II. WHETHER, AS AN APPOINTED JUDGE OF THE CMCR, JUDGE BURTON WAS NOT AN APPELLATE MILITARY JUDGE UNDER THE UCMJ, BUT SEE UNITED STATES v. ORTIZ, NO. 16-0671/AF.

III.  WHETHER THE ASSIGNMENT OF INFERIOR OFFICERS AND PRINCIPAL OFFICERS TO A SINGLE JUDICIAL TRIBUNAL VIOLATED THE APPOINTMENTS CLAUSE, BUT SEE UNITED STATES v. ORTIZ, NO. 16-0671/AF.

IV. WHETHER THE EVIDENCE IS LEGALLY INSUFFICIENT TO SUPPORT A CHARGE OF KIDNAPPING BY INVEIGLEMENT.

Briefs will be filed under Rule 25 on Issue IV only.

Unfortunately (for our curiosity about the facts), the Army CCA summarily affirmed without a written opinion.

Finally, CAAF granted review in a Coast Guard case of an issue that questions whether the military judge should have instructed the members on the meaning of the term incapable in a case involving alleged sexual activity with a person who was incapable of consenting due to impairment by an intoxicant; something defined in United States v. Pease, 75 M.J. 180 (C.A.A.F. Mar. 17, 2016) (CAAFlog case page):

No. 17-0265/CG. U.S. v. Colby C. Bailey. CCA 1428. On consideration of the petition for grant of review of the decision of the United States Coast Guard Court of Criminal Appeals, it is ordered that said petition is hereby granted on the following issues:

I. UPON REQUEST BY THE DEFENSE COUNSEL AND USING A DEFENSE-DRAFTED INSTRUCTION, SHOULD THE MILITARY JUDGE HAVE PROVIDED THE MEMBERS WITH AN EXPLANATION OF THE TERM “INCAPABLE”?

II. WHETHER THE DECISION OF THE UNITED STATES COAST GUARD COURT OF CRIMINAL APPEALS IS AMBIGUOUS AS TO WHETHER THE AFFIRMED SENTENCE INCLUDED FORFEITURE OF ALL PAY AND ALLOWANCES.

Briefs will be filed under Rule 25 on Issue I only.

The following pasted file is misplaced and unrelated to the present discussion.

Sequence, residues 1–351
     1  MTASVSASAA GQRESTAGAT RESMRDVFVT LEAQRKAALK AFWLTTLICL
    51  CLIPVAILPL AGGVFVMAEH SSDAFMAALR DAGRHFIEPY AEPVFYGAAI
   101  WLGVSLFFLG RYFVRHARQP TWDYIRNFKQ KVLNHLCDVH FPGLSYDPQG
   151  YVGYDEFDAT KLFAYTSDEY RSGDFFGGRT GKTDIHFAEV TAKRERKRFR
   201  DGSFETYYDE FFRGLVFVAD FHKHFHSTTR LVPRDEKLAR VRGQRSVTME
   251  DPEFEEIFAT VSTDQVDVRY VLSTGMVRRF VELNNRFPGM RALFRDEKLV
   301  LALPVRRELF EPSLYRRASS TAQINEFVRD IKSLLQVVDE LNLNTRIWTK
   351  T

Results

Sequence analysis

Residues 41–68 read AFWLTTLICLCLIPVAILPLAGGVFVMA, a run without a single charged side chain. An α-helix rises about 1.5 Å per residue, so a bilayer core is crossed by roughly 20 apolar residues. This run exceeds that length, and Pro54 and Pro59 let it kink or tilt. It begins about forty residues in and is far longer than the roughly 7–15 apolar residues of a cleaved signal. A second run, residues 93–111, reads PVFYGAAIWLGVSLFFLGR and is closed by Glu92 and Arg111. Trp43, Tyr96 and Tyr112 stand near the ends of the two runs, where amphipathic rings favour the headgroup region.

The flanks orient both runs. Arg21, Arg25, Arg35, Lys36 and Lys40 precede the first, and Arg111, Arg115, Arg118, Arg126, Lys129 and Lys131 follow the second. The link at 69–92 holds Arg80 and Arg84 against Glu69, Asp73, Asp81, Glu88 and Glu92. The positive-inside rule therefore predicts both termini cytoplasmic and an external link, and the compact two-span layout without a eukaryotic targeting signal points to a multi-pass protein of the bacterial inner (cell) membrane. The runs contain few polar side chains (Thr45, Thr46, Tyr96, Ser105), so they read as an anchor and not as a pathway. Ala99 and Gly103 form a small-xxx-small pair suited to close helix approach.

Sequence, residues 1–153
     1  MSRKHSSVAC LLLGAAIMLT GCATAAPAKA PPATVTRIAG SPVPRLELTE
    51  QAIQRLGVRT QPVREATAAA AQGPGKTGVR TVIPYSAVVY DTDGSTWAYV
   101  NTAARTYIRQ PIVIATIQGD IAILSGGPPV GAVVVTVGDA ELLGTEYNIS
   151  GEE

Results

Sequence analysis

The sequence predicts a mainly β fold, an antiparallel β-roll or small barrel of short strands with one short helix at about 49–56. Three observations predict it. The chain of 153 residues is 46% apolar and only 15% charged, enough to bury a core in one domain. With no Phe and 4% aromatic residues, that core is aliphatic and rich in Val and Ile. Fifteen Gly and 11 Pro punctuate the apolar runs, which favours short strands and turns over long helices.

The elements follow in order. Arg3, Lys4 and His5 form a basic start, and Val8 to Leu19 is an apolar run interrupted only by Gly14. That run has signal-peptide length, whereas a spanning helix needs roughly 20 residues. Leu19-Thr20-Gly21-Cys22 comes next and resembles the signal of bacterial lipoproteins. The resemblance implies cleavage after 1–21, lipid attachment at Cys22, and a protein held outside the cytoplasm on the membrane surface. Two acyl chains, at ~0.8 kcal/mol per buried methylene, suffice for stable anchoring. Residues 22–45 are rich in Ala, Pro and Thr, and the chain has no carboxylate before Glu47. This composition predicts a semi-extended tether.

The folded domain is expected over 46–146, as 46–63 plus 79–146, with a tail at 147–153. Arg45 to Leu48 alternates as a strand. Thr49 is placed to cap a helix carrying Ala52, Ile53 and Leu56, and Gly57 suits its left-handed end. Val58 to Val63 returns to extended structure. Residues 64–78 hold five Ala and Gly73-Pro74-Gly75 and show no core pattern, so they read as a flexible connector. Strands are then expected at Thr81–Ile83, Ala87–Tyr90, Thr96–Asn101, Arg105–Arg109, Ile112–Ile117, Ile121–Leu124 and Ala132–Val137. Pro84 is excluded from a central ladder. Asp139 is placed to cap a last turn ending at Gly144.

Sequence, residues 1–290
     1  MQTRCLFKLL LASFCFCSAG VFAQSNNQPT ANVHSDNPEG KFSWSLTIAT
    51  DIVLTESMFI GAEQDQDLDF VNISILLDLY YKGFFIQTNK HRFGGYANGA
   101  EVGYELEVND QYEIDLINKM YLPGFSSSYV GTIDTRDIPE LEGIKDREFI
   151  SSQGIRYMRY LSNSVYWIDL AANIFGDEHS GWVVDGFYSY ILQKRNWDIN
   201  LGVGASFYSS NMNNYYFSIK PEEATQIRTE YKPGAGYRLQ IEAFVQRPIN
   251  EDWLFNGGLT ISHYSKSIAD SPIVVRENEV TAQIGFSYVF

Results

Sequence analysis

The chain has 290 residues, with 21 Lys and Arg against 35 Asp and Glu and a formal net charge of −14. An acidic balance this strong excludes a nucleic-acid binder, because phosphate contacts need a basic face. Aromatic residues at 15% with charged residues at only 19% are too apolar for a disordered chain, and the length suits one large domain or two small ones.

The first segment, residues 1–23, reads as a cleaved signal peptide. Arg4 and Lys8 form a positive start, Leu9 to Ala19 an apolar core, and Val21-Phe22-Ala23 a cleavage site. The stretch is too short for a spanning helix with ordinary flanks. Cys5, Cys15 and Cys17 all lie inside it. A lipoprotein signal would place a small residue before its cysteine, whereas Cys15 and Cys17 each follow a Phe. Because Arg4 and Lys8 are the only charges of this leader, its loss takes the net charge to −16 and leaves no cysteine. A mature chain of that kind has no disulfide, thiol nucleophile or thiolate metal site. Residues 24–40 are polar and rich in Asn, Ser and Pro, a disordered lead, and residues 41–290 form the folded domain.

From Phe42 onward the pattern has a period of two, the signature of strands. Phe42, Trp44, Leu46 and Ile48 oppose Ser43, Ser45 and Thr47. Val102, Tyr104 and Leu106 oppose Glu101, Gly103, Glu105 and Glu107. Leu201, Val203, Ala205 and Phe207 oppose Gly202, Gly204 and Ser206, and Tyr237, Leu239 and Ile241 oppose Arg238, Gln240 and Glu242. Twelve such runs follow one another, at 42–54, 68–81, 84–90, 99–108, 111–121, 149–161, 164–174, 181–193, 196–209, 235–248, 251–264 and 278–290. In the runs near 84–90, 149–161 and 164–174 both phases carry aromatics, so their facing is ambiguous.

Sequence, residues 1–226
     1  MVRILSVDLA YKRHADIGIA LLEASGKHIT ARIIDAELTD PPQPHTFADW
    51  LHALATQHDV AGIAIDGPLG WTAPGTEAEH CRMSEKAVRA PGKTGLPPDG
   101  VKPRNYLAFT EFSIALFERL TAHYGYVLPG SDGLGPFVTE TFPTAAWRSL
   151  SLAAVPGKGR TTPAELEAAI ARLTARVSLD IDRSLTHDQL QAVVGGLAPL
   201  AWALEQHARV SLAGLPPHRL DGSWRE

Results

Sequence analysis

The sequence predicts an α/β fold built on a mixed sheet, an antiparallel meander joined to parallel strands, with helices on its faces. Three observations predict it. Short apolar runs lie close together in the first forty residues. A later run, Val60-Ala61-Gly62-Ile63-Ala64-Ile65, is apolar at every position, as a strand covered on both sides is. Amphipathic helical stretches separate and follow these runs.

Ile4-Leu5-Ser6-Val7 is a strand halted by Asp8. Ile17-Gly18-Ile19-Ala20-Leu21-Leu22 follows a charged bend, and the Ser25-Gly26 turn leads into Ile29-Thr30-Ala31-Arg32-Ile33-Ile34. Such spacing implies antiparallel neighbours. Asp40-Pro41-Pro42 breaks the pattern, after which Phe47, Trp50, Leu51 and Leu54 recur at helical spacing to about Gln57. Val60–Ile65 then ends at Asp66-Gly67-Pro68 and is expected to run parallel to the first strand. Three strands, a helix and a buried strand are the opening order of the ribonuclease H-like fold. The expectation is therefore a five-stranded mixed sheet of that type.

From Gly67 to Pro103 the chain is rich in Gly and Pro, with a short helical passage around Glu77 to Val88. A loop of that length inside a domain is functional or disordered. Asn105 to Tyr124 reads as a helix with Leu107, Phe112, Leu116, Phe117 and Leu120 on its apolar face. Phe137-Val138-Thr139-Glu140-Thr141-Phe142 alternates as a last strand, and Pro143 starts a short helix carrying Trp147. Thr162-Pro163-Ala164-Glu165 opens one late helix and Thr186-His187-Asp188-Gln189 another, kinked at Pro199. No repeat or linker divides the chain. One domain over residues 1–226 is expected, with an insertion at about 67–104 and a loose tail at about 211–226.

The Coast Guard CCA’s opinion is available here. The CCA finds no instruction was required in part because “Pease did not change the fact that “incapable of consenting” uses ordinary words in their ordinary meaning and can be understood by a person of ordinary intelligence.” Slip op. at 6. This conclusion is informed by a similar conclusion reached by the Army CCA in United States v. Lovett, No. 20140580 (A. Ct. Crim. App. Apr. 29, 2016) (link to slip op.).

One Response to “(Updated) Recent CAAF docket activitity: A (likely doomed) certification about the proper victim of a larceny, new Hills & Hukill trailers, a Confrontation Clause challenge to Mil. R. Evid. 513, kidnapping by inveiglement, and whether members need an instruction on the meaning of incapable”

  1. Dwight Sullivan says:

    [Standard Disclaimer:  I offer these comments solely in my personal capacity; they should not be imputed to anyone or anything else.]  The post above carefully and correctly notes that ACCA’s earlier decision in Tauaese “wasn’t reversed by CAAF.”  As the post notes, CAAF denied review.  See United States v. Tauaese, 73 M.J. 418 (C.A.A.F. 2014) (mem.).  It is important to note that such a denial of review doesn’t put any thumb on the scale.  “[O]ur denial of a petition is of no precedential value and should not be cited, except as a matter of appellate history, or relied upon as authority.”  United States v. Mahan, 1 M.J. 303, 307 n.9 (C.M.A. 1976).